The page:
Hussman Institute intern Arsema Ghirmai and associate clinical researcher Fernanda Orsati read with program participant Neil.
At the Hussman Institute for Autism, staff teach minimally-verbal program participants to use iPads and hand gestures to communicate requests like, “I want a drink,” or “I need a break.” It’s certainly important for individuals with autism to learn to communicate their basic needs, but full participation in one’s community requires social communication—where the reward is not as tangible as a snack or a break from an activity. That’s why HIA support staff also work on developing more conversational use of the iPads to make comments like, “Daniel’s book is funny.”
A team at the University of Arkansas produced data that provide evidence that iPads can indeed facilitate social communication in children with autism. They also provided a suggested training routine for teaching iPad use. “I think the iPad piece is a great addition to the research base,” said Ashlyn Smith, associate clinical researcher at the Hussman Institute for Autism, “That’s why I got interested in looking at the iPads—they are increasingly being used as tools for communication and we need research to demonstrate their efficacy.”
In the Arkansas study, the experimenters trained two children diagnosed with autism, one 12-year-old girl (Cate) and one eight-year-old boy (Levi), to each use an iPad and the application Proloquo2Go to answer three social questions, such as “What is your name?” and “What is your favorite food?” Prior to the experiment, the children communicated primarily through gestures and with one- or two-word utterances.
In the experiment, the researcher asked a question and then gave the child five seconds to respond by pushing the correct image on the iPad. If they responded correctly, they were told they were correct. If they responded incorrectly or did not respond, they were physically prompted to press the correct image. The training sessions continued twice per week until the children achieved mastery (consistently greater than 80 percent accuracy) answering all three questions. After a child mastered a question, maintenance trials continued with that question while he or she worked toward mastering the other questions.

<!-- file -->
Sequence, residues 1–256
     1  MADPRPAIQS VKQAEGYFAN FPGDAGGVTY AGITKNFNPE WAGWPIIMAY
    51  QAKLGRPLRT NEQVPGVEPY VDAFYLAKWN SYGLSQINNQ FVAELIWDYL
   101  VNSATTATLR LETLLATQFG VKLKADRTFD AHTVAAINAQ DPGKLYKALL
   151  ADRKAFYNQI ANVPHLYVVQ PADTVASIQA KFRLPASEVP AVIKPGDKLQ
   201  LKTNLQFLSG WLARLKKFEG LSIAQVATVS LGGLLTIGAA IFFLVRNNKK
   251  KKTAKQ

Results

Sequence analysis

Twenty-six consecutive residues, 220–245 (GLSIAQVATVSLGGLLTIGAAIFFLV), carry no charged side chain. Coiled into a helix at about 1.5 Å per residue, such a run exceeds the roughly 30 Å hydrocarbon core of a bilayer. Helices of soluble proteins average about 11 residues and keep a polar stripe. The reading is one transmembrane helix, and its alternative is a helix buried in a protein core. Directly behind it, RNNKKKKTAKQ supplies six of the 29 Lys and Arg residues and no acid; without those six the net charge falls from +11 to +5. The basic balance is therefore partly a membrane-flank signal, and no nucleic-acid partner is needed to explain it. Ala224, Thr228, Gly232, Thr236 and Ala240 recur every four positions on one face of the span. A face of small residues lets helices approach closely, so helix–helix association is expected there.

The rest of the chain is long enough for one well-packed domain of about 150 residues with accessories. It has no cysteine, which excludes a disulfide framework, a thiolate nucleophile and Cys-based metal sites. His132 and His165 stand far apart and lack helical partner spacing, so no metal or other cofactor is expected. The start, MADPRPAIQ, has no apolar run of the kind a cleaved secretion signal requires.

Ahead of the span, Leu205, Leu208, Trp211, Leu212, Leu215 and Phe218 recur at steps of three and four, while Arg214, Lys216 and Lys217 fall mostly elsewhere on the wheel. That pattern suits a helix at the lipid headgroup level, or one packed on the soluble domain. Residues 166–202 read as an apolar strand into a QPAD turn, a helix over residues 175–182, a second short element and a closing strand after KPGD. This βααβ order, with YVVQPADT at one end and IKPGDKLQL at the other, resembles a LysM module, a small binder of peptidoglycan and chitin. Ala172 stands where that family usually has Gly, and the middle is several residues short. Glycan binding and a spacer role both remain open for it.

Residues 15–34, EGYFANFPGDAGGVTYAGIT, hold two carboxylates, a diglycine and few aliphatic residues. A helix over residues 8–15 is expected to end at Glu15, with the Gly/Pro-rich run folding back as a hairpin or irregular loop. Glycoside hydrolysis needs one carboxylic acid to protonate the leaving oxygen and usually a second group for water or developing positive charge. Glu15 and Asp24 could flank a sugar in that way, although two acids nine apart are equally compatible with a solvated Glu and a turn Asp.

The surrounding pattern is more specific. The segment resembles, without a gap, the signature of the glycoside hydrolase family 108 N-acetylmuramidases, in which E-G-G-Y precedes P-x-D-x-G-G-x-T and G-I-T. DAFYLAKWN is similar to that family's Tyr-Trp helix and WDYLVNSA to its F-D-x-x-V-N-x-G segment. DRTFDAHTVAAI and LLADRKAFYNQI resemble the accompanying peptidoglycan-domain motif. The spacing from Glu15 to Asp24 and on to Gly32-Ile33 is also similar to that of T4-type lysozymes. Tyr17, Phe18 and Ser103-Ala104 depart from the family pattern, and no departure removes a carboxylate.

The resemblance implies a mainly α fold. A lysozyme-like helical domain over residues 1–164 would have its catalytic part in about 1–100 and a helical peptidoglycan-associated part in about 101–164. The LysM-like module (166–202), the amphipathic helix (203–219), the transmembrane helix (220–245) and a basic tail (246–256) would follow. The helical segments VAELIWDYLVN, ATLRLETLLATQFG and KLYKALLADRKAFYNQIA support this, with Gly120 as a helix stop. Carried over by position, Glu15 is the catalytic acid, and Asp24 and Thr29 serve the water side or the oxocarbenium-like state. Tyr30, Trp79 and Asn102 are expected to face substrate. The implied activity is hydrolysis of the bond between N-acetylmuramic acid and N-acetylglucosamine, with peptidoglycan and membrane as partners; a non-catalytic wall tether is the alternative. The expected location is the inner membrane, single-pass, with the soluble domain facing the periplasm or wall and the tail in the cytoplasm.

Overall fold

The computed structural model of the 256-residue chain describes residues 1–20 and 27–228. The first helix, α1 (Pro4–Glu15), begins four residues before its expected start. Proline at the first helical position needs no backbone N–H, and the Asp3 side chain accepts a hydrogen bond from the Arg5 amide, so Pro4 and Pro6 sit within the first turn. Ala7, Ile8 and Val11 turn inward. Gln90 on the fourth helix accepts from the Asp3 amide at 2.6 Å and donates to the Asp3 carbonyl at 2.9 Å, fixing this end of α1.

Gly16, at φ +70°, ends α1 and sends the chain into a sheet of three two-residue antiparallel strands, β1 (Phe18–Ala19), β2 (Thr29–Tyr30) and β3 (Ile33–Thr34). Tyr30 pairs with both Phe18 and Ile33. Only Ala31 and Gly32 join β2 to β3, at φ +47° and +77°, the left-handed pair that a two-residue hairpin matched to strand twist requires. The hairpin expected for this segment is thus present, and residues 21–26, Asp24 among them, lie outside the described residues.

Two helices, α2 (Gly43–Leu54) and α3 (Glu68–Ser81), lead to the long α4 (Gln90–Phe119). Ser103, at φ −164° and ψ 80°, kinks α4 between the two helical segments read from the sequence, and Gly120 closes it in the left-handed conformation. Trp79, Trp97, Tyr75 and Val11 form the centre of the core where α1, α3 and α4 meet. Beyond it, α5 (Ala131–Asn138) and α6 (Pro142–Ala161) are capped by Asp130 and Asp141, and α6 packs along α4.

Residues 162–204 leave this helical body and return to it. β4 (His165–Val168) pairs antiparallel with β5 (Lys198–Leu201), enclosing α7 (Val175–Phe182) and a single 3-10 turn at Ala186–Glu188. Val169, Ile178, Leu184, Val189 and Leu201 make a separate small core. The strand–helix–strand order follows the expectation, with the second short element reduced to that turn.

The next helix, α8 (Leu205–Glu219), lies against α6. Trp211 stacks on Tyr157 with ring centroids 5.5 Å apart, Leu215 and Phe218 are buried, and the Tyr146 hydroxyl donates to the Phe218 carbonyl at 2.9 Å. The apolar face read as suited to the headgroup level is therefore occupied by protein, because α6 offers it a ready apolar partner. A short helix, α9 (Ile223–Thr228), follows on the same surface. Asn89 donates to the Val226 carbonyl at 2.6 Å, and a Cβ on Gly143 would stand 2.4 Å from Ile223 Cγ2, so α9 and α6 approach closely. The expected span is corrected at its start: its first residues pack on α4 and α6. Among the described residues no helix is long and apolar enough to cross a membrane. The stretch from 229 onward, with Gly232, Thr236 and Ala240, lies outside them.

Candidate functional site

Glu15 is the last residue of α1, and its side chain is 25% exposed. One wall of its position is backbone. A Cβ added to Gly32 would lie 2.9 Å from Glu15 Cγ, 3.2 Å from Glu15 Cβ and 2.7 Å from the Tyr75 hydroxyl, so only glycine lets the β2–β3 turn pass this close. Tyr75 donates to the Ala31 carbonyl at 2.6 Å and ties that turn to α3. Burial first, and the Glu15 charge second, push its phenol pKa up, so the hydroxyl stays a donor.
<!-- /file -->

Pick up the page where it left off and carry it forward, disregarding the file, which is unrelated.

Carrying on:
The results demonstrated that the training method effectively taught the children to answer the questions. Levi mastered his three questions in two, three, and four training sessions. During maintenance trials on the first two questions, he responded with 97 percent and 100 percent accuracy, indicating stability of correct responses. Cate learned her three questions in 10, three, and four sessions. The unusually high 10 sessions may have been due to a holiday break that interrupted her training sessions. She performed with 96 and 94 percent accuracy in maintenance sessions on the first two questions she learned.
While promising, there are several limitations to this study. First, a sample size of two is not enough to make general statements about children with autism. Second, because the trials were conducted in the same space with the same experimenter each time, it is impossible to know whether the children’s responses would persist in other environments. Smith prefers more naturalistic settings for learning rather than the rote procedure carried out in this study. “I don’t think it’s a teaching methodology that capitalizes on the natural interaction between parent and child,” she said, although some families of children with autism “have had really positive experiences with it.” Her work at the Institute will focus on embedding learning opportunities into everyday activities and interactions. Using a more naturalistic approach to teaching children may make it more likely that they will transfer their learned skills to new environments. Even with its limitations, though, this study provides useful evidence that iPads can effectively promote social communication in children with autism and provides a training procedure for families interested in pursuing this kind of therapy.
The original study is published here:
Lorah E.R., Karnes A., Speight D.R. 2015. The Acquisition of Intraverbal Responding using a Speech Generating Device in School Aged Children with Autism. Journal of Developmental and Physical Disabilities. 27(4):557-568.